Posted by & filed under Arts & Entertainment, The Naked City.

Back in the days when trams rattled up and down Oxford Street, the Darlinghurst end of this major CBD artery was a thriving commercial hub. The last trams, which of course took you all the way to Bondi Beach, ran in 1960 and in the ensuing six decades Oxford Street has certainly seen its ups and downs.

At the moment it is very much in the ‘downs’ and the strip that runs from South Dowling Street down to Whitlam Square has probably never looked more depressed. Vacant shops proliferate and many of the existing businesses look like they are hanging on for grim death.

The once flourishing night-time culture which saw numerous restaurants and night clubs is now but a shadow of past decades. Even with a relaxation of the lockout laws, the future looks bleak. The once vibrant gay scene appears to have largely deserted the strip and despite the street’s significance in the gay community, they don’t look like returning soon.

Despite various initiatives on the part of the Sydney City Council aimed at reviving the area as a creative precinct for the arts, it’s the commercial businesses that need to thrive to inject life back into the strip. There was a time from the 70s right through until the start of the 2000s when the section between South Dowling Street and Taylor Square was alive with restaurants including the long-running Balkan. Now the vacant shops clearly outnumber those that are occupied, making it tough for the surviving businesses such as The Bookshop, with a reduction in passing trade both day and night.

You have to wonder what expectations the landlords who own these long-vacant shops have, whether they are prepared to wait for years to find a tenant willing to pay the kind of rent they are demanding – or whether keeping the shop unoccupied makes for a convenient tax right off against other properties they might own.

Clover Moore once suggested a tax on shops that remained vacant for an extended period – perhaps a good idea but fraught with all kinds of legalities. It’s also been suggested that landlords of vacant premises make them available in the short term at much-reduced rents for pop-up shops, although the idea does not seem to have been embraced.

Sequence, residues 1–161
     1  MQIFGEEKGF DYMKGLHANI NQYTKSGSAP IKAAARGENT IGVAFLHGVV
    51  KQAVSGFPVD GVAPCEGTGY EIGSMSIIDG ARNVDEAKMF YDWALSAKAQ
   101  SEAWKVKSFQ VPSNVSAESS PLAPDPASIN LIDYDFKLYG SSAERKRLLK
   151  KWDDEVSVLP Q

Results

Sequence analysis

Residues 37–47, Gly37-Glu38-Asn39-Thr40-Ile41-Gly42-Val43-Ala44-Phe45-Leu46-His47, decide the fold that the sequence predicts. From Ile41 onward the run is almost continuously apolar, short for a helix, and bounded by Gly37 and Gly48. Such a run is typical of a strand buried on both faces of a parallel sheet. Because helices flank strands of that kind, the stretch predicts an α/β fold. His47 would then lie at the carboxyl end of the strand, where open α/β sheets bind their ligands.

In the meantime, all we can do is wallow in the nostalgia of the ‘old’ Oxford Street in the hope that one day it will undergo a renaissance. Remember the 24-hour newsstand outside the Oxford Hotel where you could buy a copy of that day’s Sydney Morning Herald at 1am in the morning – and inside the same pub the legendary Oxford Fun House where Radio Birdman burst onto the Sydney scene.

Beatle Village, Klub Kakadu, French’s, DCM – just a few of the famous clubs that have made Oxford Street their home over the years, not to mention the infamous Oxford Sinema which thrived in the laissez-faire atmosphere of the 80s. As the title suggests the Sinema was a shameless porn theatre, with the added attraction of live ladies on stage, rotated from its sister grindhouse, The Hub in Newtown.

And Gould’s Bookshop, the Pop Shop, Remo, Gowings, Central Station Records and Buckingham’s Department Store, which sadly burned down in 1968 – some of the classic retailers on the strip.

As the CBD becomes more and more bland, Sydney needs fringe areas like Oxford Street, Darlinghurst and Kings Cross – where smaller retailers and restauranteurs can operate economically without the exorbitant rents of the city proper. They should be areas that can accommodate creativity, eccentricity and a bit of seediness, all at the same time – a welcome escape from the soulless concrete jungle.